• Minister Germán Garavano of Argentina invited his Latin American colleagues to Buenos Aires to share national experiences and endorsed these same principles.
  • In June, a first ever meeting of the Ministers of Justice of the g7+ countries will be held under the leadership of Minister Priscilla Schwartz of Sierra Leone, to be hosted in the Netherlands.

Germany as a new Pathfinder: Help to push for people-centered justice

Germany has recently joined the Pathfinders and is starting to shape its contribution. The German government can help drive the change to people-centered justice. Domestically the Ministry of Justice and other justice sector leaders can support and invest in people-centered justice, in justice data and innovation and in smarter justice financing. In collaboration with the Ministry of Foreign Affairs, examples of approaches that work can be showcased at the High-level Political Forum (HLPF) in July, where SDG16 will be reviewed for the first time since its adoption. At the HLPF, Germany can also join other Pathfinders countries in making a joint statement on SDG16+. 

On Justice as Prevention specifically, Germany can provide financial as well as political support to those countries that make justice a central component of their country’s national development plan. As the Task Force report makes clear, low-income countries, including the g7+ countries, will need to mobilize external resources, if they are to make the investments required. Germany can take an active role in the June meeting of the Ministers of Justice of the g7+ countries. Lastly, the German government can promote a focus on people-centered justice systems in the World Bank Group’s new Strategy for Fragility, Conflict and Violence. These actions to support stronger and smarter investments in justice would be valuable contributions from Germany as a new Pathfinder for Peaceful, Just and Inclusive Societies.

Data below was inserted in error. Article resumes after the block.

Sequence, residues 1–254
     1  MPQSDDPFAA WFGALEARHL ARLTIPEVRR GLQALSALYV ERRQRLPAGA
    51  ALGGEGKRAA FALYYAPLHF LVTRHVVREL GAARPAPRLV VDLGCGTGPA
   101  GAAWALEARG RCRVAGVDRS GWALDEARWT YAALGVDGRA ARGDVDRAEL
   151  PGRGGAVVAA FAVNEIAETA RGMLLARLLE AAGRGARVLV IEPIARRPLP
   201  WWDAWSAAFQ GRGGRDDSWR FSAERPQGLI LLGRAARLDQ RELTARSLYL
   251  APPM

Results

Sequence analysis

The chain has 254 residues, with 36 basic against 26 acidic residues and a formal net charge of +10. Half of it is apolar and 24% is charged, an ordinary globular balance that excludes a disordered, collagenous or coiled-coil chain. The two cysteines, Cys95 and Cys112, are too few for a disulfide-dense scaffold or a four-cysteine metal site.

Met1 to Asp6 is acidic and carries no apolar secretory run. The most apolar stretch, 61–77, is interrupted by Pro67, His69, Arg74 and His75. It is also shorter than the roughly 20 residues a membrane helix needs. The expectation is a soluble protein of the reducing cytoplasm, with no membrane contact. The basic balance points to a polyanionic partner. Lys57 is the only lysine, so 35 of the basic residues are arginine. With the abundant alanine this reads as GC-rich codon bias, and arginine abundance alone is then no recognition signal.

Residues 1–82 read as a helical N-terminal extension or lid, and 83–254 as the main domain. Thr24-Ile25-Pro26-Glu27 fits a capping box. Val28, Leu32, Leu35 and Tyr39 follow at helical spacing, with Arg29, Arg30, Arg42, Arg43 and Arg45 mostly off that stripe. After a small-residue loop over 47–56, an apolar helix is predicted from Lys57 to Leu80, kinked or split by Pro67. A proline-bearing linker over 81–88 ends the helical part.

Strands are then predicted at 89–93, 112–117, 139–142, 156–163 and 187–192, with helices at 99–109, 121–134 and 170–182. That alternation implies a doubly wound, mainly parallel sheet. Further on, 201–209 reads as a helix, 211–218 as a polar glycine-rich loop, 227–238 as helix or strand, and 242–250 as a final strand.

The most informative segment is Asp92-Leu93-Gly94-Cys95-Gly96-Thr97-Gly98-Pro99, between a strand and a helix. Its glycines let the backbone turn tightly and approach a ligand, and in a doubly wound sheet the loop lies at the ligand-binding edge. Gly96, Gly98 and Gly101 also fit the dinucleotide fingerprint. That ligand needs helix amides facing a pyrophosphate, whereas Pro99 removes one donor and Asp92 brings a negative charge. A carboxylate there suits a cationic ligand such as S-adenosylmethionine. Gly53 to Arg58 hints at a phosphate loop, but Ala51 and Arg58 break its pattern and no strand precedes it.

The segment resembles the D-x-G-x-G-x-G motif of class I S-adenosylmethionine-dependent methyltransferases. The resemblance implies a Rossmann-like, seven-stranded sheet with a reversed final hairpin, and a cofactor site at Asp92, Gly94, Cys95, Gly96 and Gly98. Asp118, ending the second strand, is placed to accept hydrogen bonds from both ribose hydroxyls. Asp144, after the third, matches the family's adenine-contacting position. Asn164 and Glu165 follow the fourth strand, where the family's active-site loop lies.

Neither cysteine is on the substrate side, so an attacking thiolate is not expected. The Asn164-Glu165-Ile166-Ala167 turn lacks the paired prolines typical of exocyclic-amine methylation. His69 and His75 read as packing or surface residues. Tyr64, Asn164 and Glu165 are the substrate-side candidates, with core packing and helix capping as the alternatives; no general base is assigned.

Vereinte Nationen Rechtsstaatsförderung

​Maaike de Langen

Maaike de Langen is the head of research for the Pathfinders’ Task Force on Justice at New York University’s Center on International Cooperation. Twitter: @MaaikedeLangen